Business Schools Foster Social Impact And Entrepreneurship

Business schools are catering for social entrepreneurs and MBA students who want to make a social impact – through funding, education and start-up incubation.

When American social entrepreneur Elsa Sze checks her Facebook wall, pictures of her Harvard classmates who got “normal jobs” vacationing in the Hamptons, an exclusive retreat for the wealthy, tend to scroll down her computer’s screen.

The former McKinsey consultant has had to settle for a tiny studio flat in Boston. “I turned down a six-figure job,” says Elsa, a graduate of Harvard’s joint MBA/MPP program.

It is a stark reminder of the sacrifices she has made to create a social impact in her Cambridge community. She used to work for the International Monetary Fund but now she is a social entrepreneur. Her start-up business, Agora, is on a mission to empower US citizens to have a political voice and to hold politicians to account.

A for-profit social enterprise, Agora is the product of a business school market which has adapted to cater for students who want to “have an impact” on society and drive transformational change.

“This is our goal for the business school – to tackle world-scale problems,” says Peter Tufano, dean of Oxford’s Saïd Business School in the UK.

MBAs are now flocking to careers in corporates and start-up ventures which seek to do social good – from developing healthcare in the Middle East to solving nutrition challenges in Africa’s developing economies.

A recent event at Oxford marked this growing global trend. Emerge, a conference which brings together MBA students and businesspeople who want to drive social change, had more than 350 attendees, according to Pamela Hartigan, a director at Oxford Saïd.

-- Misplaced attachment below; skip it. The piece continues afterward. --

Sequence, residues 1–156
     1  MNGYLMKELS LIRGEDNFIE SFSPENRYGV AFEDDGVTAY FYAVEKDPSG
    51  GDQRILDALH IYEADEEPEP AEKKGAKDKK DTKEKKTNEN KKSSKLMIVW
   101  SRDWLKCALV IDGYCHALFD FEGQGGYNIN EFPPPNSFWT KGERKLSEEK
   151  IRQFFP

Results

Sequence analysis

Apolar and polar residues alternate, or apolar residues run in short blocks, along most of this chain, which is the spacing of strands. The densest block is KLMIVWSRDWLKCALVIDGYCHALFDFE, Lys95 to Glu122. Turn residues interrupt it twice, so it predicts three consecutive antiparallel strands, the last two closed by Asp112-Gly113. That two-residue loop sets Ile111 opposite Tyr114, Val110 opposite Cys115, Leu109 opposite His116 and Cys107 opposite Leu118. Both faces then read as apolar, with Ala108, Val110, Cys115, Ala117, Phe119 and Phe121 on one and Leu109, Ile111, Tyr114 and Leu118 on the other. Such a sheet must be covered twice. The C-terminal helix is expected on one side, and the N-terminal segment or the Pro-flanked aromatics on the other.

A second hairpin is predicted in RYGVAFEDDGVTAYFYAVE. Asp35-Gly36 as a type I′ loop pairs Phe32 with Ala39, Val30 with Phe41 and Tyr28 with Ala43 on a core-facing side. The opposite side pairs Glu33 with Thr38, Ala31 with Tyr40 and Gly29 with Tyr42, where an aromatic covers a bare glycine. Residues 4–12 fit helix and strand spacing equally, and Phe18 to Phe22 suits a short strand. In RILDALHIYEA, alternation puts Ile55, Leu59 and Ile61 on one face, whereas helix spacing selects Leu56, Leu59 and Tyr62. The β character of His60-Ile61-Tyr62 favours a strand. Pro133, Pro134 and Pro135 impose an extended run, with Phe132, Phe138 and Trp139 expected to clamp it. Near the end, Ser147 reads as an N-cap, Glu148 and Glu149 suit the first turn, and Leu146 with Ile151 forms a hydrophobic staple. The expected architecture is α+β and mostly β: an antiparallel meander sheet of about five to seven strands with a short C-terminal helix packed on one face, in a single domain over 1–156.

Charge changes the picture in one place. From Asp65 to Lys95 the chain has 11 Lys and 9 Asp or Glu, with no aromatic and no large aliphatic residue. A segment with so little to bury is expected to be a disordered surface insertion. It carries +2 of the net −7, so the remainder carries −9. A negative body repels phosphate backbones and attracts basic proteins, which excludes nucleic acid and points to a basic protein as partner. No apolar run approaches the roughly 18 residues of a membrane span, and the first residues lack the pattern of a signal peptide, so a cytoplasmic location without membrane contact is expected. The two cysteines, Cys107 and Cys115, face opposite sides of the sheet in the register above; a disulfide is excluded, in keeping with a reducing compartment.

Now in its sixth year, Emerge started out as a gathering for just a handful of students. But it has been growing and will keep expanding until it becomes the “Davos for entrepreneurial endeavours”, says Pamela, half-joking.

She runs the business school’s Skoll Centre for Social Entrepreneurship, an initiative which seeks to accelerate the impact of entrepreneurial activity by cultivating and supporting social entrepreneurs.

“Emerge is a platform for showcasing the ways we all want to see business in the future: fundamentally innovative, philosophically positive and morally compelling,” Pamela says.

Her efforts mirror a changing attitude in the corporate world. Business schools are helping to drive a shift in mentality that many large companies now demand of their employees.

US and UK companies in the Fortune Global 500 spend about $15 billion a year on corporate social responsibility (CSR) activities, according to economic consulting firm EPG. Life assurance group Prudential helps to deliver an education program in an impoverished community in Indonesia, while other companies such as Pearson, the education giant, have launched social impact venture capital funds, Pearson’s fund dishing out up to $15 million to social entrepreneurs.